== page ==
After completion of the experiment, SAD was confirmed by the absence of an HR response to an increase in AP caused by injection of an α1-receptor-selective agonist (phenylephrine hydrochloride, 3 μg/kg body wt iv) (23). VL was confirmed by a swimming test, in which rats were gently put into the small tub filled with warm water (5, 6). When the lesion was complete, the rat was not able to recognize the direction of the water surface and continued to turn around inside the water. In contrast, when the lesion was incomplete, the rat was able to float on the water. Although we did not confirm VL by the histological means, it is known that the injection of sodium arsanilate solution into middle ear cavity elicits a degeneration of the vestibular nerve (1).
To examine the detailed time course of the change, the data for the first minute of gravitational stress were averaged over 0-10, 10-20, 20-30, and 30-60 s after onset of the gravitational stress, and the remainder was averaged over 1 min. To analyze the time course of changes, repeated-measures two-way ANOVA was used, followed by Fisher's protected least significant difference test. For comparisons between the four groups, the differences between the levels during the first 30 s of gravitational stress and the baseline levels were calculated and compared using ANOVA followed by the Scheffé's test. The significance level was set at P < 0.05.
Table 1 shows the baseline levels for each group before application of gravitational stress. Although the AP was not significantly different between the four groups, the HR was significantly higher in the VL group than in the intact group.
Figure 2 shows typical AP, HR, RSNA, and MRSNA responses during the first 30 s of gravitational stress. A rapid increase in gravity from 1 to 3 G was induced by centrifugation. In the intact rat, the AP started to increase at the onset of gravitational stress and then remained above the baseline level, while the HR gradually decreased and RSNA increased. These responses were modified by VL and/or SAD. In the VL rat, the RSNA increase was attenuated, and the pressor and bradycardial responses were completely abolished. In contrast, in the SAD rat, the AP and RSNA increases were markedly augmented, while the HR decrease was reduced compared with in intact rats. In the VL + SAD rat, the AP decreased, while the HR and RSNA did not change.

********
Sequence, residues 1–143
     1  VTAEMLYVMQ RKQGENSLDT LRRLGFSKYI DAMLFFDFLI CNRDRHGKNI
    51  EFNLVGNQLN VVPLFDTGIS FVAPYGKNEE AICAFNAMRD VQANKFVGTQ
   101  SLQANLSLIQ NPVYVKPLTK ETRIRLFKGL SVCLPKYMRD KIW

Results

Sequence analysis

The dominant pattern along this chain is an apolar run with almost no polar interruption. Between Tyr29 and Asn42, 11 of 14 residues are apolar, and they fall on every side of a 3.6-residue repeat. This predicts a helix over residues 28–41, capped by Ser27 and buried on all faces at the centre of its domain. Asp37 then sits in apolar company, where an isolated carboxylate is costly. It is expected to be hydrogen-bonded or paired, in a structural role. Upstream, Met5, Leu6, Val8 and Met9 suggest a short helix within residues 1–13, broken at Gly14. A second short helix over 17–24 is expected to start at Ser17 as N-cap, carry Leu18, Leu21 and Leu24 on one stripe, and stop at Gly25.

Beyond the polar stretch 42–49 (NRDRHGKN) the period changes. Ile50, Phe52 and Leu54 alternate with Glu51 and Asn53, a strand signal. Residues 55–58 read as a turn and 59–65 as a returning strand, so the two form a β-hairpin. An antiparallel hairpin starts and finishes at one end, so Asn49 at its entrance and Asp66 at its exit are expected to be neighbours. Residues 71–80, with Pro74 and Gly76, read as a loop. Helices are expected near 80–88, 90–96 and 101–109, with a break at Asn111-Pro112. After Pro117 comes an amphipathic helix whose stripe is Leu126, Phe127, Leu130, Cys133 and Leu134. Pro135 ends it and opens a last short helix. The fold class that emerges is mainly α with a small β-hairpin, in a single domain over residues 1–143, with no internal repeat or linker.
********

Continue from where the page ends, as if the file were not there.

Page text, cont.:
The averaged data for the whole experimental period (1-G, 3-G, and 1-G recovery period) are presented in Fig. 3. In the intact group, the AP increased during the initial 30 s of gravitational stress and then returned to the baseline level. In the SAD group, the AP increased markedly and peaked at 20 s of gravitational stress and then gradually returned toward the baseline level. In the VL group, the AP was stable throughout gravitational stress, whereas in the VL + SAD group, it showed a significant decrease. It is interesting to note that the increase in AP in the intact and SAD groups occurred immediately after the onset of gravitational stress, whereas the AP decrease in the VL + SAD group was delayed. A marked bradycardia was seen in the intact and SAD groups, but not in the VL and VL + SAD groups, showing that it was caused by vestibular input. Bradycardia continued even after cessation of gravitational stress. RSNA increased in the intact, VL, and SAD groups but was unaffected in the VL + SAD group.
Because an increase in AP was observed only during the initial 30 s of gravitational stress in the intact group, we compared changes during this period between the four groups (Fig. 4). The increase in AP was significantly larger in the SAD group than in the intact group, showing that the baroreflex suppressed the AP increase in the intact group. Moreover, the decrease in HR seen in the intact group was augmented by SAD. The RSNA increase observed in the intact group was augmented by SAD and attenuated by VL, suggesting that the VSR augmented, and the baroreflex attenuated, RSNA in the intact group.